NotesFAQContact Us
Collection
Advanced
Search Tips
Peer reviewed Peer reviewed
Direct linkDirect link
ERIC Number: EJ934837
Record Type: Journal
Publication Date: 2011-Jul
Pages: 8
Abstractor: As Provided
Reference Count: 0
ISBN: N/A
ISSN: ISSN-0028-3932
Optokinetic Stimulation Affects Word Omissions but Not Stimulus-Centered Reading Errors in Paragraph Reading in Neglect Dyslexia
Reinhart, Stefan; Schindler, Igor; Kerkhoff, Georg
Neuropsychologia, v49 n9 p2728-2735 Jul 2011
Patients with right hemisphere lesions often omit or misread words on the left side of a text or the initial letters of single words, a phenomenon termed neglect dyslexia (ND). Omissions of words on the contralesional side of the page are considered as egocentric or space-based errors, whereas misread words can be viewed as a type of stimulus-centered error where the left part of a single perceptual entity (the word) is neglected. Previous patient studies have shown that optokinetic stimulation (OKS) significantly modulates many facets of the neglect syndrome, including the subjective body midline, line bisection and size distortions. An open question is whether OKS can also influence omissions and stimulus-centered errors in paragraph reading in ND. The current study compared the influence of OKS on both types of reading errors using controlled indented paragraph reading tests in a group of 9 right-hemisphere lesioned patients with ND, 7 patients without ND and 9 matched healthy controls. Leftward OKS significantly reduced omissions on the left side of the text in ND. In contrast, the pattern of stimulus-centered reading errors remained unchanged. In conclusion egocentric manipulations like OKS only appear to influence space-based attentional processes evident as omissions in paragraph reading but have no impact on stimulus-centered attentional processes evident as word-based errors during paragraph reading in ND. (Contains 2 tables and 3 figures.)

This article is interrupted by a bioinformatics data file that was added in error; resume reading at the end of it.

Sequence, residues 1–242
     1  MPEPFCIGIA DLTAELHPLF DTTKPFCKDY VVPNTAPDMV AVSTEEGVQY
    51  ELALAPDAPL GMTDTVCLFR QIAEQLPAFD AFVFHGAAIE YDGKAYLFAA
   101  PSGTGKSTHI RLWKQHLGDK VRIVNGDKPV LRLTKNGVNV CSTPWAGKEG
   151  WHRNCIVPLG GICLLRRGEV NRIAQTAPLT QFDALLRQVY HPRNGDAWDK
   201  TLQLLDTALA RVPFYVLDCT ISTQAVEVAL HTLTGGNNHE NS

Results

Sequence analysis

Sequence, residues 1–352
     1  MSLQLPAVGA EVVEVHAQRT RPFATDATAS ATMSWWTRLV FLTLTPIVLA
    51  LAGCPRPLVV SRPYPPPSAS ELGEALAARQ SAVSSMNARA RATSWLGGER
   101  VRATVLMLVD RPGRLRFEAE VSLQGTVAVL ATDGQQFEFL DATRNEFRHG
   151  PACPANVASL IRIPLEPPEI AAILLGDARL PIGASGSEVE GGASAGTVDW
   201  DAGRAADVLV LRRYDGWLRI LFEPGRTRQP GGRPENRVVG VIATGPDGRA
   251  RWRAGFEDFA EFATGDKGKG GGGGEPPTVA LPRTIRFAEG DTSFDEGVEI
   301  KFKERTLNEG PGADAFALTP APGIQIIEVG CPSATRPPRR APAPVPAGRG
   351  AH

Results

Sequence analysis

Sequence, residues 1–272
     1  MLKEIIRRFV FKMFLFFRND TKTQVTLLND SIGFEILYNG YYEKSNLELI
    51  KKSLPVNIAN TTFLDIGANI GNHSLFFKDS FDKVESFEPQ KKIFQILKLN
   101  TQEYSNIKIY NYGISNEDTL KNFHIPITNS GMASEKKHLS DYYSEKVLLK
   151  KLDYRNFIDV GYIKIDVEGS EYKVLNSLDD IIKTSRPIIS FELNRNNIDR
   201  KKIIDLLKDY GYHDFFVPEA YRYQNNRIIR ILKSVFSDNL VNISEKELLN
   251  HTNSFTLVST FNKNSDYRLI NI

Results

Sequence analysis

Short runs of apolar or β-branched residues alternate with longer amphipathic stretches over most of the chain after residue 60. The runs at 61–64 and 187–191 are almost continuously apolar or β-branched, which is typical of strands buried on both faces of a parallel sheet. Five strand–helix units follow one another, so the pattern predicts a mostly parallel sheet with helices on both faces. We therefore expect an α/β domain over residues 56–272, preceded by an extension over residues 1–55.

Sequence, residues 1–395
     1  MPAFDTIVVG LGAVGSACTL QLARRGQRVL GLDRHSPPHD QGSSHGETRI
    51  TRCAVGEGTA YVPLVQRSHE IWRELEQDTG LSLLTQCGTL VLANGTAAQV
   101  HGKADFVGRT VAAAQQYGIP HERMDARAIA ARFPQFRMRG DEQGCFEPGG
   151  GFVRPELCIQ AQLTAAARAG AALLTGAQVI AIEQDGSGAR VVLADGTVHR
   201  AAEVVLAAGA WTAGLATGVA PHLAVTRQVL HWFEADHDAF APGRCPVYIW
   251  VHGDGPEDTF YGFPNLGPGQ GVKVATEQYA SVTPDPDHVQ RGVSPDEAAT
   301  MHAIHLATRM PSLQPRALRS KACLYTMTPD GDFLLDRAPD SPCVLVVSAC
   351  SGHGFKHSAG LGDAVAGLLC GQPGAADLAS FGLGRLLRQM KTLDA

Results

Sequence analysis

Elsevier. 6277 Sea Harbor Drive, Orlando, FL 32887-4800. Tel: 877-839-7126; Tel: 407-345-4020; Fax: 407-363-1354; e-mail: usjcs@elsevier.com; Web site: http://www.elsevier.com
Publication Type: Journal Articles; Reports - Research
Education Level: N/A
Audience: N/A
Language: English
Sponsor: N/A
Authoring Institution: N/A